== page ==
Based on the histological analysis, lesions induced by LPS were considered consistently established 48 h post-infusion. Subsequently, we tested whether topical administration of DEX could alter the course of OMP-positive cells reappearance 10 days after LPS treatment by infusing the drug at Days 2, 3, and 4 after LPS treatment. The comparisons were conducted at this stage (i.e., 10 days after LPS infusion) because regeneration is only partial (Supplementary Figure S1) and in consequence, it is more flagrant to reveal treatment differences. As depicted in Figure 2, intranasal bolus infusion of DEX (40 ng/μl) repeated for another 2 consecutive days lead to histological changes of the partially regenerated OE. We could observe that tissue deformities, not found in the vehicle group, developed in every DEX-treated animal during lesion recovery, mainly at the level of the septum. Repeated DEX application after LPS lesion resulted in atrophic OE, and in some cases, cellular changes included the incursions from cells of the lamina propria. The atrophy also reflects marked absence of OMP-positive cells, implying a failure in efficient new OSNs generation in the injured region (Figure 2).


FIGURE 2. DEX treatment impairs OE regeneration after nasal injury mediated by LPS. Low magnification photomicrographs of DAPI-stained section revealing partial OE regeneration 10 days after LPS infusion (A). Significant impairment of OSNs replenishment was observed when DEX (40 ng/μl) was infused three times, once a day, starting 48 h after LPS intranasal administration. (C,G) The photomicrographs represent main differences in OMP expression between the groups. It is also possible to note that DEX treatment promoted histological anomalies, but only in the LPS/DEX(3×)-treated group (E–H). (D,H) Merged images of DAPI nuclear staining and OMP labeling. (I) OE cell layer thickness measures. (J) Mean optical density from OE sections labeled with the neuronal marker OMP. Results represent thickness means ± SEM of three mice per group. Statistical scores were obtained with Student’s t-test (p < 0.05 in I and J). Scale bars: 300 μm for low magnification pictures and 150 μm for all the others. Dashed squares indicate regions magnified for photomicrographs in B–D and F–H. White arrowheads indicate morphologically compromised region; white asterisks indicate nerve bundles.

Taking advantage of a drug-induced model of OE lesion (Brittebo, 1995), we also tested if DEX effects on neuronal regeneration are reproducible in general models or if they are specific for inflammatory lesions. Methimazole treatment causes virtually total loss of OMP-positive neurons in the OE (Figure 3). Two weeks after the drug treatment OSNs repopulate the OE, albeit not completely, making it possible to measure improvement or impairment of the regenerative process. Once again, topical DEX (40 ng/μl) short-term treatment reduced the overall reappearance of OMP-positive cells at the ipsilateral site of infusion (Figures 3A–D). Interestingly, 1-day single DEX infusion 24 h after the second injection of methimazole (1 dpl) is not able to reproduce the effect observed with 3 days treatment (Figures 3E,F). The animals from this group received saline solution infusion at 2 and 3 dpl. Surprisingly, we observed a trend for improvement in case of 1-day single treatment, since the OE thickness from first-day-only DEX group was slightly larger than methimazole group (Figure 3F).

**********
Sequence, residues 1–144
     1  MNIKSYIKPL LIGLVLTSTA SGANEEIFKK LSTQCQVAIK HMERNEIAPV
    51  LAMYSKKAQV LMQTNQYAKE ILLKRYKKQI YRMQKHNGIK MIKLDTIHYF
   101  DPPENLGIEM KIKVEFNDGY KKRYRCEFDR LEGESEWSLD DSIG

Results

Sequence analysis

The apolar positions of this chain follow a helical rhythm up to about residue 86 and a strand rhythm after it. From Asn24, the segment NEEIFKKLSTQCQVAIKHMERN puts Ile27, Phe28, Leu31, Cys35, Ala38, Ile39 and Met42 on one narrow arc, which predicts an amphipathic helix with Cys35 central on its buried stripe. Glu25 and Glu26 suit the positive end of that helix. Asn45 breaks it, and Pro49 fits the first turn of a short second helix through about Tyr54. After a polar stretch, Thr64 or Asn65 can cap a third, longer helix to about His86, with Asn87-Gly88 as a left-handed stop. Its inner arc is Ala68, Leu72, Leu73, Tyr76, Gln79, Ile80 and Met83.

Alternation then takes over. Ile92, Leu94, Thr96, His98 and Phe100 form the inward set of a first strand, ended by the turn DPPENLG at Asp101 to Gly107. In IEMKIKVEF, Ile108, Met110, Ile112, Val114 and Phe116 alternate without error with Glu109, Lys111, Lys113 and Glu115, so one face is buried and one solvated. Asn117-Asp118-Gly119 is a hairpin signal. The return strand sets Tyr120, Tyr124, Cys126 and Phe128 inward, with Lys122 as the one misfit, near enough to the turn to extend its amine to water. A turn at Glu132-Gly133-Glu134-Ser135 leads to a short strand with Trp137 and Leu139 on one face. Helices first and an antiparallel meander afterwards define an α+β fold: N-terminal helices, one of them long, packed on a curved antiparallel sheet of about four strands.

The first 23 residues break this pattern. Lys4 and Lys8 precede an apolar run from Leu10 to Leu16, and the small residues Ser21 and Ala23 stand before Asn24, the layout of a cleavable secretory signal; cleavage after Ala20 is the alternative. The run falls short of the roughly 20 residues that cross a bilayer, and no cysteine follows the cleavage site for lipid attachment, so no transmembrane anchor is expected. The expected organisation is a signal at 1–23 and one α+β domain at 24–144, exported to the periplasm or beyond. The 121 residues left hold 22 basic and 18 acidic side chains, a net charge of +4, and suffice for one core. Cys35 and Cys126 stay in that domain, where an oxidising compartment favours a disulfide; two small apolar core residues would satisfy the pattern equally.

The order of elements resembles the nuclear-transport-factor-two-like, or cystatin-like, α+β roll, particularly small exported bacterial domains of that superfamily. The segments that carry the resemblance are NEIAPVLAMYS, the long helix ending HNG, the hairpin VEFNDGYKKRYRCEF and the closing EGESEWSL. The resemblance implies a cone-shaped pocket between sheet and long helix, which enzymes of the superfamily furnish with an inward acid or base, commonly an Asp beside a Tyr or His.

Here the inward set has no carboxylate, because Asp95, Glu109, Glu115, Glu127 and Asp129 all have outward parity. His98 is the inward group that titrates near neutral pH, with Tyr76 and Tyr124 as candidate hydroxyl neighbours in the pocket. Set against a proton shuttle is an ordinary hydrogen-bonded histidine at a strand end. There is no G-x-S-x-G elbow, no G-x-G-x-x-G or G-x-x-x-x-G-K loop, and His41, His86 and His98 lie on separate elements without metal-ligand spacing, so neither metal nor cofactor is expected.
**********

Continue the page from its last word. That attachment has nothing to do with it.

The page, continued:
FIGURE 3. DEX short-term treatment, but not single-day treatment, impairs OE regeneration after OSNs loss induced by methimazole. Animals were treated with methimazole (50 mg/kg; two doses, 2 days a part) and sacrificed 14 days after the second intraperitoneal administration of the damaging compound. OMP-stained sections (A–D) from the OE reveal impaired cellular replenishment in topical DEX (40 ng/μl) 3 days-treated group (C,D) compared to the control animals (A,B). (B,D) DNA staining with DAPI was merged to OMP in order to identify the OE cell layer. Mean optical density from OE sections labeled with the neuronal marker OMP (E) and OE cell layer thickness measurements (F) reveal that 1-day single DEX treatment, 24 h after the second injection of methimazole (1 dpl), increases OE thickness compared to the OE of mice that did not receive DEX. One-way ANOVA (F(2,6) = 13.2, p < 0.005 for OD; F(2,6) = 101, p < 0.0001 for OE thickness) followed by a Tukey’s HSD multiple comparison test: significantly different (p < 0.05, ∗∗p < 0.0005) from saline-/methimazole-treated animals. Scale bars: 50 μm. White arrowheads delimitate the OE.